Dioxin Clean-up at American Air Base
The map below shows the dioxin-contaminated areas of the Bien Hoa Air Base in red. These areas contain an estimated 408,500 cubic meters of soils which require remediation. These dioxin laced soils pose a continuing severe public health threat to people in neighborhoods surrounding the air base. A recent USAID Environmental Impact Assessment (EIA) estimates the cost of Bien Hoa clean up at $500 million over ten years.
Both countries recognize Agent Orange as an urgent humanitarian concern that we can do something about. U.S. joint work with Vietnam on Agent Orange has positively impacted all aspects of the bilateral relationship, including military to military cooperation.
The sum of $30 million is being projected in the 2018 Appropriations Act to begin the remediation of soils contaminated with dioxin remaining from the Vietnam War at the Bien Hoa Air Base, divided equally between State/Foreign Operations and Defense appropriations.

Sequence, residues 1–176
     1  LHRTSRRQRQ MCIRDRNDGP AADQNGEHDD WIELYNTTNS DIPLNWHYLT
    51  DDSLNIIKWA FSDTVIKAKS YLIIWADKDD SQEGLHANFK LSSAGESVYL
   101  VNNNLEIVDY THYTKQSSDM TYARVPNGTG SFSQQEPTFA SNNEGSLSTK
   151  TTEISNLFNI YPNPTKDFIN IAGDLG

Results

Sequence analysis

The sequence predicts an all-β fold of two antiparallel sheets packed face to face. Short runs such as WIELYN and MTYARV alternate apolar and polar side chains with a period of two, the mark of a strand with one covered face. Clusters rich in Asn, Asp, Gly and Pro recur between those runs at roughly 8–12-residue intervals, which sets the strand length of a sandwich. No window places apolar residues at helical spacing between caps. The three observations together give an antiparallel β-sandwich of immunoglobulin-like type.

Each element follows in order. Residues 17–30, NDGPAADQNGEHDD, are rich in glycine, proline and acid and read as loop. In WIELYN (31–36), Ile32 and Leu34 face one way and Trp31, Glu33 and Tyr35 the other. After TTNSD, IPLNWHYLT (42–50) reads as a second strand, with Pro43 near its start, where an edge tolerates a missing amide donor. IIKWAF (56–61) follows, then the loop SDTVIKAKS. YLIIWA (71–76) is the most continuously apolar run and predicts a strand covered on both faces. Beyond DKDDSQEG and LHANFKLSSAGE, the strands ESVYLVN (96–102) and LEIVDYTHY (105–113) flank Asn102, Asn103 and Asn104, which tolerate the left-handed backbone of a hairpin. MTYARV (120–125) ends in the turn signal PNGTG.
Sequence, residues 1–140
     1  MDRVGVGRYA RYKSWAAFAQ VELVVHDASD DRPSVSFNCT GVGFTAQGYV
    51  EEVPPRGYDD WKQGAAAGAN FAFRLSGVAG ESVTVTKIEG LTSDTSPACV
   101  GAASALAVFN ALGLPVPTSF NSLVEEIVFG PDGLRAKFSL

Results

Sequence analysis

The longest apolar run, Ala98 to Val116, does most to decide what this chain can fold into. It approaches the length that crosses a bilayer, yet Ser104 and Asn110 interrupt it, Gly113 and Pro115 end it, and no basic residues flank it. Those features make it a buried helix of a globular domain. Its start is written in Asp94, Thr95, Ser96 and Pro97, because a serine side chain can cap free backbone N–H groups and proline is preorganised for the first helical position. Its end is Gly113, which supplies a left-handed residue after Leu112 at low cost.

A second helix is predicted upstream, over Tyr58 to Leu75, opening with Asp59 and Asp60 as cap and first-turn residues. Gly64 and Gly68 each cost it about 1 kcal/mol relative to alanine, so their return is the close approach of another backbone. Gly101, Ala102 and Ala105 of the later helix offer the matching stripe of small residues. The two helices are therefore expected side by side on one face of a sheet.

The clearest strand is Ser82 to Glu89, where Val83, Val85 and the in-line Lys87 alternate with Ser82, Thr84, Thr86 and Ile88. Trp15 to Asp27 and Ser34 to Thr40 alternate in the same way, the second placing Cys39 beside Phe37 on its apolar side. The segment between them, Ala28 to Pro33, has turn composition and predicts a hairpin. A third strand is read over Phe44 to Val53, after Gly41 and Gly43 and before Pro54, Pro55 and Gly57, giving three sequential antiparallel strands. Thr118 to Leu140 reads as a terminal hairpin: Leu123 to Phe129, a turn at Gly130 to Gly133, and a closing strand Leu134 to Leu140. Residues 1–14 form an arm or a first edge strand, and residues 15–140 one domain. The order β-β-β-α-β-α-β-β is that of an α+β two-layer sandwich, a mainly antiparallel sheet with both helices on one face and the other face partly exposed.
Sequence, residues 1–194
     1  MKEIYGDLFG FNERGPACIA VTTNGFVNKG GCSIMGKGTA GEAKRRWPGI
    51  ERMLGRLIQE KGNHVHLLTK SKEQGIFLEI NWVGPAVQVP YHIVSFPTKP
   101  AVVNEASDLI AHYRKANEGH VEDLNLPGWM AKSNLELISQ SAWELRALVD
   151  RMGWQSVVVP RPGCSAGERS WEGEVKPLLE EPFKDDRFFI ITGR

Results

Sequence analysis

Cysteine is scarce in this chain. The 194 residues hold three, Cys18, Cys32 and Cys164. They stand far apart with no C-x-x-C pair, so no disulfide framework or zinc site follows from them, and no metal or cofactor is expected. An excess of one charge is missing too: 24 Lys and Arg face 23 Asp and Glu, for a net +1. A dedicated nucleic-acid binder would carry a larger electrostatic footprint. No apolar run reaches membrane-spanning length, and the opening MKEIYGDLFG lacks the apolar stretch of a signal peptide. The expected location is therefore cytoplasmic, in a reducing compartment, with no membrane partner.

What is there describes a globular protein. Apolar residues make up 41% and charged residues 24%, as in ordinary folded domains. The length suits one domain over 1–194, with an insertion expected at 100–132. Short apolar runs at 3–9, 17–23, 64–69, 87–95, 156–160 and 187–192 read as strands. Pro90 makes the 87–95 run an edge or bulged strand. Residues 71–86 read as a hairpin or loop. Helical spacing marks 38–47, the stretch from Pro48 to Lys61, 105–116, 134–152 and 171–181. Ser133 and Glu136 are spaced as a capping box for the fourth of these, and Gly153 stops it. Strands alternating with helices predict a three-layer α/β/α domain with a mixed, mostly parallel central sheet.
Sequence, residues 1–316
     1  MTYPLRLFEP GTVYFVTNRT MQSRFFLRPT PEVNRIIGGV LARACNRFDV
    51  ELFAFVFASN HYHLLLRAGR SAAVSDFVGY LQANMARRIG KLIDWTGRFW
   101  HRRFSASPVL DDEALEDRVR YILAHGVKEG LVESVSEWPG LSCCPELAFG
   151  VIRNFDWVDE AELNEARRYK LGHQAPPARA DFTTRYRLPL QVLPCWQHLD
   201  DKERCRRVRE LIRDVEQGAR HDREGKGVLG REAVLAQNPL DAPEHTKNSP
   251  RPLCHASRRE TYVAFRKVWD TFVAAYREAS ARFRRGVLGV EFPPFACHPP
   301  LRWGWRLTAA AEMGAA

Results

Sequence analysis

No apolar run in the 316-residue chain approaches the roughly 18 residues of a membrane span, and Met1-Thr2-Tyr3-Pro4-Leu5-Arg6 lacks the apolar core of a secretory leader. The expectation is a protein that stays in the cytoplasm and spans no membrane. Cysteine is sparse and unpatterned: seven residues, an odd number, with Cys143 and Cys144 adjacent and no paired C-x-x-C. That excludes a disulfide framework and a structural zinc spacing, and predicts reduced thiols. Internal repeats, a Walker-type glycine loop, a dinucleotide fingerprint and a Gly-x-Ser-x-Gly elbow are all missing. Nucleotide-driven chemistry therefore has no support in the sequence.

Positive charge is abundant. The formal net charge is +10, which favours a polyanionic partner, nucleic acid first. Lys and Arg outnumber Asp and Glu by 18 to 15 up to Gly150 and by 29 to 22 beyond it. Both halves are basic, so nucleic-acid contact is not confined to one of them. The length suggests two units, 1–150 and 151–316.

Background: In 2007 the U.S. and Vietnam began to work together to address the legacy of Agent Orange in Vietnam on the ground. Since then Congress has appropriated a total of $201.2 million for health and disability assistance and for the clean-up of dioxin at former U.S. air bases. Three major dioxin ‘hot spots’ remain in Vietnam as legacies of the Vietnam War. The first, at Phu Cat, was contained in 2012. A joint project of USAID and the Vietnamese Ministry of Defense will complete the clean-up of the second hot spot at the Danang Airport in early 2018. Bien Hoa is the third, and final, dioxin hot spot requiring U.S. assistance for remediation.
For further information please contact Dr. Charles R. Bailey at [email protected] or (201) 572-4508.